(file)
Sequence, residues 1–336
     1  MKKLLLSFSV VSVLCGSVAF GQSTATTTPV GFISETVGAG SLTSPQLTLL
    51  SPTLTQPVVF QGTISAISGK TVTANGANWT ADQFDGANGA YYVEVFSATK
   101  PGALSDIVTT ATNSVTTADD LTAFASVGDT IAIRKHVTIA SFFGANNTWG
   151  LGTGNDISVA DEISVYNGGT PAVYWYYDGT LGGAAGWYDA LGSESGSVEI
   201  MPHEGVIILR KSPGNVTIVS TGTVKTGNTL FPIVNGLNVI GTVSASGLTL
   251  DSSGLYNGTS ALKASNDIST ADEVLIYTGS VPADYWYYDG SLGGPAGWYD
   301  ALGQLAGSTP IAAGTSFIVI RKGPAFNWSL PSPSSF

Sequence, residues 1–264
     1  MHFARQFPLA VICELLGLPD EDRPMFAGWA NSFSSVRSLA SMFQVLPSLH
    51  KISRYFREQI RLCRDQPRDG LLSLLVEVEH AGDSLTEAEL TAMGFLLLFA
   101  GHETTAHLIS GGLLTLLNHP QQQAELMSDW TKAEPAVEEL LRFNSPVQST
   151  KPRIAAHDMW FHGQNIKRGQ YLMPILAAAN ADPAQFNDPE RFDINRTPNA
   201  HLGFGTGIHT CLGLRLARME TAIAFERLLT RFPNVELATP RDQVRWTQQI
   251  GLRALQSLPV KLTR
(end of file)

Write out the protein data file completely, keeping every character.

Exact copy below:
Sequence, residues 1–336
     1  MKKLLLSFSV VSVLCGSVAF GQSTATTTPV GFISETVGAG SLTSPQLTLL
    51  SPTLTQPVVF QGTISAISGK TVTANGANWT ADQFDGANGA YYVEVFSATK
   101  PGALSDIVTT ATNSVTTADD LTAFASVGDT IAIRKHVTIA SFFGANNTWG
   151  LGTGNDISVA DEISVYNGGT PAVYWYYDGT LGGAAGWYDA LGSESGSVEI
   201  MPHEGVIILR KSPGNVTIVS TGTVKTGNTL FPIVNGLNVI GTVSASGLTL
   251  DSSGLYNGTS ALKASNDIST ADEVLIYTGS VPADYWYYDG SLGGPAGWYD
   301  ALGQLAGSTP IAAGTSFIVI RKGPAFNWSL PSPSSF

Sequence, residues 1–264
     1  MHFARQFPLA VICELLGLPD EDRPMFAGWA NSFSSVRSLA SMFQVLPSLH
    51  KISRYFREQI RLCRDQPRDG LLSLLVEVEH AGDSLTEAEL TAMGFLLLFA
   101  GHETTAHLIS GGLLTLLNHP QQQAELMSDW TKAEPAVEEL LRFNSPVQST
   151  KPRIAAHDMW FHGQNIKRGQ YLMPILAAAN ADPAQFNDPE RFDINRTPNA
   201  HLGFGTGIHT CLGLRLARME TAIAFERLLT RFPNVELATP RDQVRWTQQI
   251  GLRALQSLPV KLTR